The other day, I wrote about vias near pads. The post got a couple of interesting comments.
In one of the comments, Mitch said, “When I was learning PCB design in the 1980s, I was taught by a mentor that understood assembly very well.” I think that highlights a big component of the problem. I suspect that a lot of folks doing layout today were not taught by anyone but themselves.
CAD packages may have instruction manuals and tutorials, but learning how to use a software package is a lot different than learning how to do the actual process well. It’s possible to be very proficient at using a word processor, but still not know how to write well.
It’s not an uncommon scenario these days, especially after the economic suckiness of last year, to come in to work expecting to hand off a schematic to the layout engineer only to find that “tag you’re it.”
Howard, in another comment, suggested that in his experience, filling and plating over vias in pads typically only adds about 8% to the PCB cost. In smaller prototype quantities, it may be a little more then that, but what’s the cost of a failed assembly? If you have the room to move the vias off the pads, the only cost may be in layout time. If space is critical or if there are signal/noise/thermal issues that force the vias to be in the pads, then you’ll just have to spend the extra to fill and plate.
If you do find yourself suddenly tasked with layout and you’ve never done one before, find a mentor (or maybe a Minotaur), read up online, call up a manufacturing person, study the Screaming Circuits blog. What ever you do, figure out all these little traps like vias in pad, components library foot print issues, spacing issues, thermal issues, etc. Then dive into the layout and learn from each one. Drink some tea too. It can relax you. Just try to stay away from Oreos and ice cream late at night.
What’s the deal with 1729?
I have felt .. for some time now…
Today’s tools are good enough, the engineer responsible for a product should be able to take more responsibilities for a given design.
The engineer should know:
a) the electronics (including physics )
b) the manufacturing issues (including the related economic issues)
c) the schematic and pcb layout tools.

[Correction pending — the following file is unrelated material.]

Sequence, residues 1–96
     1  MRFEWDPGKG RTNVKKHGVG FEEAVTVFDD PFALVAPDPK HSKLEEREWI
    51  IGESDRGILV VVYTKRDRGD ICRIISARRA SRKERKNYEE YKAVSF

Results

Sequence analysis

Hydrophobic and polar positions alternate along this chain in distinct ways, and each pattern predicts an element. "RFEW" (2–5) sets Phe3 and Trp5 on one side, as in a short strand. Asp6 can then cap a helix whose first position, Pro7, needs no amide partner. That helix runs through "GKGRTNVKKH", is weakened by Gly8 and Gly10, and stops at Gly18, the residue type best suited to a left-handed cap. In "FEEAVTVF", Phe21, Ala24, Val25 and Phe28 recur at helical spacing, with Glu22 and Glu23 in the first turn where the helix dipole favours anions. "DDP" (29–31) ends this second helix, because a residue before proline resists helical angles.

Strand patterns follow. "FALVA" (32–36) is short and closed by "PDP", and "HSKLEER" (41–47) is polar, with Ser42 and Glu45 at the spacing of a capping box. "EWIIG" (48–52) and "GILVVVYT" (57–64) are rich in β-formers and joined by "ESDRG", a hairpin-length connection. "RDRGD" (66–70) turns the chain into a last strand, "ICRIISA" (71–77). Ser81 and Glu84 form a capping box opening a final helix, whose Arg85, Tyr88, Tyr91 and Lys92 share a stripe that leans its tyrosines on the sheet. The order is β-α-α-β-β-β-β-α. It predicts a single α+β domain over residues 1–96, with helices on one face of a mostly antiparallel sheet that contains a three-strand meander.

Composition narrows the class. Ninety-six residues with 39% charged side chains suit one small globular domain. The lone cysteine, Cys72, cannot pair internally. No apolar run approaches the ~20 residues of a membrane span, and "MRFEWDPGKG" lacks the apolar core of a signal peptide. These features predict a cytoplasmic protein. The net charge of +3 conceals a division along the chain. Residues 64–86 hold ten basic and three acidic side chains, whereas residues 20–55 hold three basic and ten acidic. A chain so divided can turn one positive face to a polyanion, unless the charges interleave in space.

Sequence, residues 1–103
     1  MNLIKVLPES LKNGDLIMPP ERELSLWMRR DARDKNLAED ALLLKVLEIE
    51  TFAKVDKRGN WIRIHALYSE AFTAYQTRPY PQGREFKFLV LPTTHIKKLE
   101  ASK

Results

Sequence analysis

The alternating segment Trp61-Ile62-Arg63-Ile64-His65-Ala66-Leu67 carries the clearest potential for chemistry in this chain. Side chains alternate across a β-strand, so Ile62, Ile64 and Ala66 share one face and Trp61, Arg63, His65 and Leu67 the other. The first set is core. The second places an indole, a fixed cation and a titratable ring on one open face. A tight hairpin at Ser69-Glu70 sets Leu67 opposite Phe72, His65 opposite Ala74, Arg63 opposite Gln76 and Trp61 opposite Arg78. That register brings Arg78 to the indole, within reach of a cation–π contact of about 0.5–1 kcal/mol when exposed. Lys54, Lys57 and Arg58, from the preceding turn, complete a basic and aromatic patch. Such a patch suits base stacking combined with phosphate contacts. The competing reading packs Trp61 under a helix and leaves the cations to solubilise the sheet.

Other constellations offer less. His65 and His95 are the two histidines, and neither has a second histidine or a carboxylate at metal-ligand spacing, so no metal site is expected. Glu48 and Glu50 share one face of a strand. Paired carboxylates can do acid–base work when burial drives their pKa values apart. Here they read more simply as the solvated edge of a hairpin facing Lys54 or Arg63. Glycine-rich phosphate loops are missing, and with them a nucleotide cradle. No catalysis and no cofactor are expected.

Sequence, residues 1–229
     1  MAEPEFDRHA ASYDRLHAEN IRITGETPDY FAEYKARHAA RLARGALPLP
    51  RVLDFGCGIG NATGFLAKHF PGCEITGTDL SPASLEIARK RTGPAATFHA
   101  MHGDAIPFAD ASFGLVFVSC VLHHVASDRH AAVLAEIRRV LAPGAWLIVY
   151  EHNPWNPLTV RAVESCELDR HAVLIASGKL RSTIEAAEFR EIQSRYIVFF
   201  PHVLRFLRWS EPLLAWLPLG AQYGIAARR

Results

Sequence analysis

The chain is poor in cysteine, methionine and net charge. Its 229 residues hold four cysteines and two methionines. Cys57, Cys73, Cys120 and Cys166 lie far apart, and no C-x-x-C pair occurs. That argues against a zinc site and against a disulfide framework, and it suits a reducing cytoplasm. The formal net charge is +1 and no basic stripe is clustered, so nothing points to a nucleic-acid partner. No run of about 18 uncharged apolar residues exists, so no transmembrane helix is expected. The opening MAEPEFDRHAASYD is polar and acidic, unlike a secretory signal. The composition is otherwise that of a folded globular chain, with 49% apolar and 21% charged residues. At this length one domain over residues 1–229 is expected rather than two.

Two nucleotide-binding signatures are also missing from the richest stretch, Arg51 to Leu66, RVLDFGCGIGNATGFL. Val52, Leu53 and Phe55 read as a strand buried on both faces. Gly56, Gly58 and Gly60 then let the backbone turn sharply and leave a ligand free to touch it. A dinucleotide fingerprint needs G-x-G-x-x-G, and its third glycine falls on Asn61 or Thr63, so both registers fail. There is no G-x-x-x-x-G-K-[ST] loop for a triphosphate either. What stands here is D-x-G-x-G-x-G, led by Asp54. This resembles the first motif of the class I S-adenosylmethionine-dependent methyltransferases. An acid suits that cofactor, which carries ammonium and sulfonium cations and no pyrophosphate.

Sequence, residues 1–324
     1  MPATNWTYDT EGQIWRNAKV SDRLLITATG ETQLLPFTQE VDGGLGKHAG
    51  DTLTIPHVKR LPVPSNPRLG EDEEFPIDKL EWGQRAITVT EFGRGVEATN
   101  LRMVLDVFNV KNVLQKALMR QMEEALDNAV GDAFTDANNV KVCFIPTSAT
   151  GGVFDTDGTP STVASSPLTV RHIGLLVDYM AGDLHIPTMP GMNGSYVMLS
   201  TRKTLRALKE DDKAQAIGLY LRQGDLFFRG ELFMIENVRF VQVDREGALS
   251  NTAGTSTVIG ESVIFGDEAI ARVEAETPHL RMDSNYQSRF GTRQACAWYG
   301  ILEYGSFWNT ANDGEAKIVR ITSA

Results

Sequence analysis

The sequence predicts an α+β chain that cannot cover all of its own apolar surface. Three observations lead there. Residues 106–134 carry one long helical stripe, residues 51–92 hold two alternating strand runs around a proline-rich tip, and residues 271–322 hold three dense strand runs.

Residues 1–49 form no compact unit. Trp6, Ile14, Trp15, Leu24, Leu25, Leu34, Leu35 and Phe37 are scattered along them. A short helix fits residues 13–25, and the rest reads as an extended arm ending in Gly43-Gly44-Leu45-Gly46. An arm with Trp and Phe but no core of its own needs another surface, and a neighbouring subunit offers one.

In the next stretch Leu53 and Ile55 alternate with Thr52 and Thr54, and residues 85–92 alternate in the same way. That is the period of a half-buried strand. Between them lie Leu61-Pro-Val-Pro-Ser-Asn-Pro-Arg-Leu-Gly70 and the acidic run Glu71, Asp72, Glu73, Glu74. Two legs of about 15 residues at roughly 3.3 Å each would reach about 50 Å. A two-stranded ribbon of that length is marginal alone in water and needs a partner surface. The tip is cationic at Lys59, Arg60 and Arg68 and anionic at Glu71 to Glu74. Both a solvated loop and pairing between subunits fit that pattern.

in other words.. the engineer should know everything the pcb designer knows plus more… so why not have the engineer design the pcb?
To be able to produce a reasonable product, in the most efficient manner for a given product… this is the best solution.
In simpler terms… unless the product is very complex…
the engineer should be vertically integrated into the product line.
alas… most engineers are too specialized (overwhelmed?) to cover all of the issues.
The assumption: it is cheaper to have one engineer provide enough work for multiple support staff.
My experience indicates this is not a valid assumption.
If that is the case,
the pcb designer better know the issues not being covered by the engineer in question (manufacturing issues of pcb , pcb assembly, environmental shock , vibration, temperature, moisture, mold, explosive gas exposure, mechanical clearances, ESD, EMI, etc….. )
He needs allot more experience than just routing net lists.
and if he is really on top of things…
He should know component availability and if there are alternate components already available in the company’s inventory.
He should be outputting data for the SMT line directly.
He should be outputting assembly instructions/drawings.
He should be directly exporting BOM information into manufacturing’s data base.
Meaning: he should know everything about the manufacturing processes.
The tools are there.. it really shouldn’t involve more people…
it only requires a re-think of the organization and the skill sets of it’s personnel.
just a thought….
If only I had access to something like the internet when I was learning PCB design. Today designers have the IPC materials, assorted PCB design internet sites (PCBMatrix.com being the premier one), and then just about anything else you’d like to learn about online. If you can’t get an answer to just about any design question now-a-daz, in 2-4 hours, you’ve really got a complicated design issue. When I wanted to know how to do .4mm pitch designs, I studied what I could find online; then talked to my fabricator. Solved. What I like to explain to young designers, and fellow engineers alike is – search and you will find you’re learning new things! The designers I tend to help THE LEAST, are designers that want to be spoon-fed. The only thing I ask in return is an intelligent conversation.
Now go learn. 🙂